Houman Fakhimi

California Marijuana Arrests Will Increase With Federal Crackdown

The issue of medical marijuana in California has become a contentious - and outright confusing - one in recent months, as various courts, federal authorities, municipalities and dispensaries continue to hammer out what's legal.

But in the meantime, Orange County Criminal Defense Lawyer Houman Fakhimi expects to see a spike in arrests for marijuana trafficking and marijuana cultivation.

A recent case illustrates the point:

Local and federal investigators destroyed some 1,100 marijuana plants that had been growing in the San Bernardino National Forest, arresting a Mexican man in connection with their cultivation. A second suspect was reportedly seen running from the site, but he has not yet been found, officials said.

A number of the plants were reportedly full-grown, averaging between 6 and 7-feet tall. Officials estimate the operation had first started in April - not coincidentally just a few months after the federal crackdown against dispensaries was launched in October.

Although California voters legalized marijuana for medicinal purposes back in 1996 with the Compassionate Use Act (becoming the first state ever to do so), regulation has been left largely up to local governments. There has been a wide variance in this regard, depending on where you are.

However, state law still does not allow for cultivation, sale or use of marijuana for recreational purposes, and federal law doesn't allow for these things under any circumstances (hence the ongoing court conflicts).

Charges of marijuana cultivation and sale can be prosecuted at either the state or federal level.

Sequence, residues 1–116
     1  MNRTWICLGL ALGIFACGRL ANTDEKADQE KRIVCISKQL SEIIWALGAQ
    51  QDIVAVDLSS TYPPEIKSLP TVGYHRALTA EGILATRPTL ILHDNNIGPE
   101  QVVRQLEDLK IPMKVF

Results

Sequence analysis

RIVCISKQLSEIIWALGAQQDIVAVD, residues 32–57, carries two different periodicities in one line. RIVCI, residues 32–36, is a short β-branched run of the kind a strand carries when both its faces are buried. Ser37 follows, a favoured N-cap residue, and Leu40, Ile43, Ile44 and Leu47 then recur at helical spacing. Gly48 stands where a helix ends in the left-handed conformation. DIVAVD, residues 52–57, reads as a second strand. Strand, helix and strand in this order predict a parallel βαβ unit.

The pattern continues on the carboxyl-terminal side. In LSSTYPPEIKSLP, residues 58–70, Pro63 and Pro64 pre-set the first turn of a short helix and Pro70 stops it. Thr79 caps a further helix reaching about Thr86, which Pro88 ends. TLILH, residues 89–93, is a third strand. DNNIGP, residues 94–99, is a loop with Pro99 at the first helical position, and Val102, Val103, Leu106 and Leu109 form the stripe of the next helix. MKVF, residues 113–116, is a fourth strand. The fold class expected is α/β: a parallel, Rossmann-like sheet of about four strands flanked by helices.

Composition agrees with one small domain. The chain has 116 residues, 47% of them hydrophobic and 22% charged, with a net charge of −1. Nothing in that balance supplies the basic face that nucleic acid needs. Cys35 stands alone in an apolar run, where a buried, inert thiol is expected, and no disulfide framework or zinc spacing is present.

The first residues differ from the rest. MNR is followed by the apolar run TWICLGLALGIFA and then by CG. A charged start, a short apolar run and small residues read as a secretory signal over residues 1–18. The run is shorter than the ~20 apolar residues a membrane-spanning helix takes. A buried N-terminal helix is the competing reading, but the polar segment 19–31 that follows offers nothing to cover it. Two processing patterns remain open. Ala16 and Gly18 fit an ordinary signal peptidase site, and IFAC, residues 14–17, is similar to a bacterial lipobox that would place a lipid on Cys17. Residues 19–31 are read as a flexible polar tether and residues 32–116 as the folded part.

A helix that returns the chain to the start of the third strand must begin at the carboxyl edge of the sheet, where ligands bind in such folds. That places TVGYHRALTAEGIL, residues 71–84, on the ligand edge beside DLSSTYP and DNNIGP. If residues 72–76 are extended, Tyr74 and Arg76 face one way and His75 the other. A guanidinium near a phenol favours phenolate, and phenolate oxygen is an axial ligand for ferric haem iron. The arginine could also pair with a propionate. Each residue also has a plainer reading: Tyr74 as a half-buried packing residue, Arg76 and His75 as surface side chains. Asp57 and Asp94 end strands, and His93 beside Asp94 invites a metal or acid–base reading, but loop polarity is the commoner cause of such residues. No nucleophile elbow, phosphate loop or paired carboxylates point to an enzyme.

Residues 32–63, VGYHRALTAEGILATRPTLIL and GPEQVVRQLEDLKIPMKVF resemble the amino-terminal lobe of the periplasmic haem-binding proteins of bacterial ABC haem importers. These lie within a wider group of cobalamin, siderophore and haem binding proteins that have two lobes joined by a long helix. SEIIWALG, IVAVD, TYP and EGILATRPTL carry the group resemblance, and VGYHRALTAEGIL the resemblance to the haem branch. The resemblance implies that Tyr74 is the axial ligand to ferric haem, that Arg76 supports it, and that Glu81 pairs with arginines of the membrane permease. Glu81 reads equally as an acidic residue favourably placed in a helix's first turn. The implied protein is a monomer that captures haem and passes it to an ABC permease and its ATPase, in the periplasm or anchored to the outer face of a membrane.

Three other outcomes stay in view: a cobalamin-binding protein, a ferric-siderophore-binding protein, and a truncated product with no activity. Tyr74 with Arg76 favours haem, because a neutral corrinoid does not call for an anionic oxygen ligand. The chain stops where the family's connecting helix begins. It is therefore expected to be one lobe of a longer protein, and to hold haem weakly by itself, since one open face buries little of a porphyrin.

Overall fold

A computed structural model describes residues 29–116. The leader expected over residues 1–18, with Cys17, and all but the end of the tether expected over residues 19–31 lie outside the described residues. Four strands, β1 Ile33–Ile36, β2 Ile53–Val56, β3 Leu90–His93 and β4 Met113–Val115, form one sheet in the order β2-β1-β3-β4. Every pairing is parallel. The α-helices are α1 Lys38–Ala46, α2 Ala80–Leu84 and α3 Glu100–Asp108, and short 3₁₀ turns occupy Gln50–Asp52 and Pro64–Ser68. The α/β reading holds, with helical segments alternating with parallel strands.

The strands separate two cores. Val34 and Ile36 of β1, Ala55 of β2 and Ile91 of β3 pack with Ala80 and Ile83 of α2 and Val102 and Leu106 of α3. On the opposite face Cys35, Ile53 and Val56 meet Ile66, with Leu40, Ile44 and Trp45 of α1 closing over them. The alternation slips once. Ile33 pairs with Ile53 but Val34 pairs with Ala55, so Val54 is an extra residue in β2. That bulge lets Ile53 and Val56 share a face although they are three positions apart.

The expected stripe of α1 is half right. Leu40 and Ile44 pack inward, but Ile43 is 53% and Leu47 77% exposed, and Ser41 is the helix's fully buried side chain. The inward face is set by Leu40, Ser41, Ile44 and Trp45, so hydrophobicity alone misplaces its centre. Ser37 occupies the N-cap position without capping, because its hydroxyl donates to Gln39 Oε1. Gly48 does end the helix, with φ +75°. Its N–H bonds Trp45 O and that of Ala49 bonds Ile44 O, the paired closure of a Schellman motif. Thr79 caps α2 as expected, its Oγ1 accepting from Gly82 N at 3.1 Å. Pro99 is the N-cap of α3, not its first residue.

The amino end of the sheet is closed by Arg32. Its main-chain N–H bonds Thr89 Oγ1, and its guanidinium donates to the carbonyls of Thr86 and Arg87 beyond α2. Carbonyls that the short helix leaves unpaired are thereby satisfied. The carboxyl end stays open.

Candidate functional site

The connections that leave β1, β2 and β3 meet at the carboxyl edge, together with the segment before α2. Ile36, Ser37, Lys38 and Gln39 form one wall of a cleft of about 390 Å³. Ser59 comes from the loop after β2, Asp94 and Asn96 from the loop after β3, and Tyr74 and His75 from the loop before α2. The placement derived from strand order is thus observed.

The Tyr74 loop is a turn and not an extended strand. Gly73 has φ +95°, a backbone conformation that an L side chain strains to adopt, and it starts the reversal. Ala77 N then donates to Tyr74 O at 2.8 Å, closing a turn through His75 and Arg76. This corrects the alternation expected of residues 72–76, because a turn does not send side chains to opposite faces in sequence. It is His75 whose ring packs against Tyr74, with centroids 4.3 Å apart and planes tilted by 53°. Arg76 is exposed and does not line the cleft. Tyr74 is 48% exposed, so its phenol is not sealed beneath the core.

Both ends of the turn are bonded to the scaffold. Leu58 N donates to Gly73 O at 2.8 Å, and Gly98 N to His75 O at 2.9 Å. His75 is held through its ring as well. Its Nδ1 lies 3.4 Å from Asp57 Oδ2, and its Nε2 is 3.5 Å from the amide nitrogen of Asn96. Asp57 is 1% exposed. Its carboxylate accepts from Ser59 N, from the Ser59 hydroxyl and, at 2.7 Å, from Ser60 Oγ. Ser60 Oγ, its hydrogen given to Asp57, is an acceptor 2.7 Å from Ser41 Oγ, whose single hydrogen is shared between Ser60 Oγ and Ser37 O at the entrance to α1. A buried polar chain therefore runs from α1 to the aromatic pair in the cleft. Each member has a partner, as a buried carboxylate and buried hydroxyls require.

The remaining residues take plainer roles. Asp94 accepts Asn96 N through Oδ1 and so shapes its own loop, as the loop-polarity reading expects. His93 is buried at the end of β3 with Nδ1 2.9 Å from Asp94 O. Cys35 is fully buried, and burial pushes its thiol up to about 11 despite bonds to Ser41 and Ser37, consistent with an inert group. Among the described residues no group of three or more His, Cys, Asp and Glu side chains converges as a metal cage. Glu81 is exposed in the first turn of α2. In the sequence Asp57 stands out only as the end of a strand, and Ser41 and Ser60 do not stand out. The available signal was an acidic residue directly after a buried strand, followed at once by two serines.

California's Health & Safety Code 11358 forbids all acts associated with cultivating and/or manufacturing marijuana. These acts include any handling of the seeds or cultivation of the soil or processing/drying of the plant once it's been harvested.

Many times, individuals who grow their own will have several plants because a single plant rarely produces much. However, anytime more than a couple plants are found, prosecutors will assume the intent is to sell, in which case individuals are then additionally charged with California Health & Safety Code 11359, or marijuana possession with intent to sell.

The exception to this, of course, has been medical marijuana. However, the laws are confusing and inconsistent across the state. Inevitably, this - in addition to federal action targeting thousands of medical marijuana dispensaries - is going to lead to an uptick in arrests for a variety of marijuana charges.

Also, unless and until the U.S. Supreme Court takes a contrary stand on the issue, you can always still be charged with cultivation under federal law.

The U.S. Drug Enforcement Administration lays forth the following punishments for a first offense trafficking in marijuana (classified as a Schedule I narcotic):

  • For 1 to 49 plants, you could serve up to 5 years, with fines of up to $250,000 for an individual or $1 million for an organization;
  • For 50 to 99 plants, you could serve up to 20 years in prison and pay fines of up to $1 million for an individual or up to $5 million for an organization;
  • For 100 to 999 plants, you will serve a minimum of 5 years in prison and a maximum of 40 years in prison, plus fines of up to $5 million for an individual or $25 million for an organization.

If you are arrested on marijuana charges in Orange County, you can not assume the courts will be lenient due to state law, which is up in the air as it is.

Contact Houman Fakhimi trial attorney at (714) 705-6701 as soon as possible if you are charged with a crime in Orange County.